EU woes could derail world recovery: IMF

SAO PAULO - Sovereign debt woes in Greece and other weak eurozone countries are putting the global economic recovery at risk, the IMF warned on Friday as it called for a shoring up of financial systems.

By (AFP)

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Published: Sat 18 Jun 2011, 11:21 PM

Last updated: Tue 7 Apr 2015, 4:50 AM

The debt trouble risks “derailing the European recovery and perhaps even the world recovery,” the International Monetary Fund’s research director Olivier Blanchard said in Sao Paulo as the IMF released its regular report on the world economic outlook.

“The stakes are very high” as Europe struggles to rein in economic instability, he said, adding that the eurozone faces “a long and painful process” to return to fiscal health.

If it failed, Blanchard said, there was the potential for “disorderly and destabilising defaults” whose impact could be felt all around the world.

The IMF report stressed that the European Union has little time left to resolve sovereign debt problems, amid rising concerns among investors and the public. “Policymakers must act now to make the financial system more robust,” according to the report.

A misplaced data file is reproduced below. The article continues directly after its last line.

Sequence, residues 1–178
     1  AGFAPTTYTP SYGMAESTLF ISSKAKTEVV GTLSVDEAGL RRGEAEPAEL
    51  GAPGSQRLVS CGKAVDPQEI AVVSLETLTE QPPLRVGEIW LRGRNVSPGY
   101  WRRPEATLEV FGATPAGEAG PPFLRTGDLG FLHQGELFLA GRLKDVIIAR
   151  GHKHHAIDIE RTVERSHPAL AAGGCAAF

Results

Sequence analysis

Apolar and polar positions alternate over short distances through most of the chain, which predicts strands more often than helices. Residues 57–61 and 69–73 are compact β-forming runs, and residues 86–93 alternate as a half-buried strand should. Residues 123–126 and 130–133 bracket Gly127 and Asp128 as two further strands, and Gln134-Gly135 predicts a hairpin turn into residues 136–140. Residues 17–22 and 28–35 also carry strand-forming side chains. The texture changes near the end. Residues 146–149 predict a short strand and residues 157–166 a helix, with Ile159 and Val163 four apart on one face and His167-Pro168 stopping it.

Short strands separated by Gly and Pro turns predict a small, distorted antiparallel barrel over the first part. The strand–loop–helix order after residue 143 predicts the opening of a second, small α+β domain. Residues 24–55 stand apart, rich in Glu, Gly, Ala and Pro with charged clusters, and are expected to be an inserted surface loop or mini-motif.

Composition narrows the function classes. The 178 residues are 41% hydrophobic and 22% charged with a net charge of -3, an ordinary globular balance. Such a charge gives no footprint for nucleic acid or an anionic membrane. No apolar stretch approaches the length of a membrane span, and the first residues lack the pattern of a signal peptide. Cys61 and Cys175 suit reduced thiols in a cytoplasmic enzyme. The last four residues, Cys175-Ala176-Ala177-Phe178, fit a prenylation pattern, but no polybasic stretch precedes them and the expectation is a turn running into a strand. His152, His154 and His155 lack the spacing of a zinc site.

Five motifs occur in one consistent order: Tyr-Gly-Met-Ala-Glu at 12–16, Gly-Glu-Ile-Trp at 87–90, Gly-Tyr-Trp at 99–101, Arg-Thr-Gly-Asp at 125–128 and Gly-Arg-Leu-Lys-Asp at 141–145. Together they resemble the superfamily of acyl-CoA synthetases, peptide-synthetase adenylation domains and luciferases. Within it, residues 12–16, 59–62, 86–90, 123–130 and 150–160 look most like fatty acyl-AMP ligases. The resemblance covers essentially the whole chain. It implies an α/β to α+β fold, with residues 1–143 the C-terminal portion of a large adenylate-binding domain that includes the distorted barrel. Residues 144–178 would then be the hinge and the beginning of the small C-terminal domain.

“The current window of opportunity to prepare the financial and economic system against potential systemic shocks, importantly by providing clarity on euro area-wide solutions to strains in the periphery, could close unexpectedly.”

The Fund, in an update of its April Global Financial Stability Report, noted that concerns about debt sustainability and support for adjustment efforts in the eurozone periphery had intensified. “Credit default swap spreads have risen to new highs in Greece amid concerns over the degree of political resolve that will be needed to implement adjustment and secure needed funding.”

The IMF also highlighted that worries about the bailed-out eurozone periphery economies of Greece, Ireland and Portugal have renewed the market’s focus on the potential for contagion of shocks to banks.

Banking systems in core European countries, such as Germany and France, still have large exposures to peripheral countries, and the pace of banking system repair has been too slow, it warned. A market shock could come from an unexpected sudden pickup in risk aversion that “leads market participants to narrow their tolerance for incomplete policy solutions.”

“It could also be closed by political developments, either because adjustment programs lose political support in debtor countries, or because populaces in creditor countries lose patience in continuing to finance those programmes,” the Washington-based institution said. “Thus, a more robust financial system, notably in Europe, is needed to gird against shocks.”


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